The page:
Northwest believes that it understands the reasons for past failures. It believes that the key to efficacy is identifying at what point the immature dendritic cells are most capable of both taking up antigens and displaying them. The cells in DC Vax Direct are partially mature dendritic cells somewhere in the maturation stage between monocytes (which are obtained in a blood draw) and mature dendritic cells. The company believes that prior development efforts used cells that were either too immature or too mature. It believes that it has identified a dendritic cell maturation stage that will work. This requires both precision and control of the manufacturing process in order to consistently replicate this batch after batch. The company has issued patents that address this technology.
DC Vax Direct will begin a multi-center Phase I/II trial in 2Q, 2013. This is an open label trial and efficacy will be measured in terms of tumor regression (shrinkage or elimination) that is expected to occur fairly rapidly (within a month or two following administration) if regression is going to occur. Since the trial is not blinded, the company can release data from this trial in any way that it determines -even on a patient by patient basis. This may mean that there could be some meaningful, if anecdotal, data released in 2H, 2013
This is a Phase I/II trial which will begin with a Phase I component that will escalate the dose of DC Vax Direct. For most oncology drugs, Phase I is intended to determine the maximum tolerable dose that can be given before unacceptable, dose limiting side effects occur. If DC Vax Direct is comparable to the three other dendritic cell therapies - Dendreon's (NASDAQ:DNDN) Provenge, ImmunoCellular's ICT-107 and Northwest's DC Vax-L, it will have very modest side effects so that the evaluation of different dose levels will be mainly focused on determining therapeutic efficacy rather than the maximum tolerated dose.
The primary goal of Phase I will be to determine the correct number of cells to administer. Dosing will start at 2 million cells per dose and will subsequently be escalated to 6 million and ultimately 15 million cells. In conventional drugs, there is usually an increase in efficacy with increased dose, but this may or may not be the case with immune therapies. In the case of DC Vax-L, doses of 1 million, 5 million and 10 million cells were tested. Efficacy resembled half of a bell shaped curve in which the 1 and 5 million doses were about equally effective and efficacy actually decreased at 10 million cells. There are several views about why this may be the case, including that administration of larger numbers of cells all at once creates a crowding effect in the area of the injection site, which interferes with optimal functioning of the cells.
The cornerstone of curative cancer treatment is surgical excision of the primary tumor often followed by radiation or drug therapy. Phase I will enroll patients having a number of different types of inoperable solid tumors (these are desperate patients) and will go through cohorts of about six patients each. Most of these patients will be ones whose cancers have metastasized to the point that surgical excision is not feasible or is thought to be futile. These patients will be given escalating doses of cells going from 2 million to 6 million and then 15 million. The treatment regimen calls for treatment on day 0, week 1, week 2, week 16 and potentially week 32 depending on the tumor response. The company believes results in most patients will be seen by week 8 or 16.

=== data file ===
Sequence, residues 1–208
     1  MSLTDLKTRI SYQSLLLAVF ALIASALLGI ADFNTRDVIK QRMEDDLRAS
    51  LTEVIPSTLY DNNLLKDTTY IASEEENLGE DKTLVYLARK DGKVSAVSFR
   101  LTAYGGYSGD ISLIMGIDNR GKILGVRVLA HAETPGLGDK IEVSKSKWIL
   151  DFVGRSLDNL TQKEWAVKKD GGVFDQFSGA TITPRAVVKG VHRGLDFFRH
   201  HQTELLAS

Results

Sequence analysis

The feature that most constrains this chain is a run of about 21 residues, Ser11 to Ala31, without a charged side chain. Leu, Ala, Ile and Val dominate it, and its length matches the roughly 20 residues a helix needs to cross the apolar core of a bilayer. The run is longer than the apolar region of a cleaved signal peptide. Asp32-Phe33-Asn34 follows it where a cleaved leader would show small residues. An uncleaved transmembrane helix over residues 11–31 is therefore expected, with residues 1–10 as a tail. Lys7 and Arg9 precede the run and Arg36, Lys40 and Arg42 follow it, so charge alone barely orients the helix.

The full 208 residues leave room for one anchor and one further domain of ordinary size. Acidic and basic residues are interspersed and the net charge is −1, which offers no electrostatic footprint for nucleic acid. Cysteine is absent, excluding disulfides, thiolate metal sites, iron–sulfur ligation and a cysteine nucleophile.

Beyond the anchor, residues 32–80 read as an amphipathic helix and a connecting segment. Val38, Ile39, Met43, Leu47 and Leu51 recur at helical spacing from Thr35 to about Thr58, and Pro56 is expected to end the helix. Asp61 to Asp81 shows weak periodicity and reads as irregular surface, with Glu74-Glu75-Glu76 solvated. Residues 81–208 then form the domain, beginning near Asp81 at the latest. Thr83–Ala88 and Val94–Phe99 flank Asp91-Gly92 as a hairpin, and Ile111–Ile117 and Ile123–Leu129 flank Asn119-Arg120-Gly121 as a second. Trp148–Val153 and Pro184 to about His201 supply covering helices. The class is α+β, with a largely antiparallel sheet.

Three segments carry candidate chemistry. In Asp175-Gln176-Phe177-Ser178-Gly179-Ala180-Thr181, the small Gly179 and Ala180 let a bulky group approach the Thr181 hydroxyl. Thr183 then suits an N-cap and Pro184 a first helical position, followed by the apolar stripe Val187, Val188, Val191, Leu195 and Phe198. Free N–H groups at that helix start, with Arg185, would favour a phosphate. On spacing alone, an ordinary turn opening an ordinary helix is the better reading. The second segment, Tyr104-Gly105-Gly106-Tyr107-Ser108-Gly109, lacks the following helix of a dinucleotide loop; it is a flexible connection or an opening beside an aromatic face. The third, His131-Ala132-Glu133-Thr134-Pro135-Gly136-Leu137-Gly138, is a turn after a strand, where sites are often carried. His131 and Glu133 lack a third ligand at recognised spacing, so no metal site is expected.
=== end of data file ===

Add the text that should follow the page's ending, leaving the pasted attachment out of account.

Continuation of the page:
The company has indicated that it is aiming to enroll at least a minimum number of patients for each of four cancers, plus an additional group of patients with miscellaneous diverse cancers. So, the trial will aim to treat six patients with liver cancer, six with melanoma, six with pancreatic cancer, and twelve with colon cancer plus six miscellaneous. There will be two key variables in the trial, the number of cells received by the patients and the type of cancer they have. The dose of dendritic cells given for each cancer will have a degree of randomness.
The Phase II stage of the trial will proceed as soon as the Phase I stage is done - the company does not have to go back to FDA to start Phase II. The Phase II stage as now planned will focus on 24 patients with colon cancer who will be given the most effective dose as determined in Phase I. The endpoint of the trial will be tumor regression which has been the most frequent basis upon which accelerated product approvals have been given by FDA. The injection of cells is image-guided directly into a lesion of the cancer. Bear in mind that these tumors are inoperable so that they may have widely metastasized throughout the body, including to the brain. The injection can be given at sites of primary tumors or at metastases or both. There will be two valuable observations that can be made at the end of the trial. One will give a glimpse into or perhaps proof of principal as to whether DC Vax Direct works in various solid tumors. The other will be a meaningful amount of data in 36 colon cancer patients that could be the basis for a Phase III trial design.
The company believes that it will see some initial patient results on an ongoing basis in Q3 and Q4 of this year from the Phase I component of the trial and could have results for the Phase II component by 2Q, 2014. Enrollment of patients with inoperable tumors is expected to be relatively rapid. Indeed, the company says that it has been flooded with patient and physician requests to participate in the Phase I stage. They anticipate rapid enrollment and tumor shrinkage could be seen a month or two after treatment begins.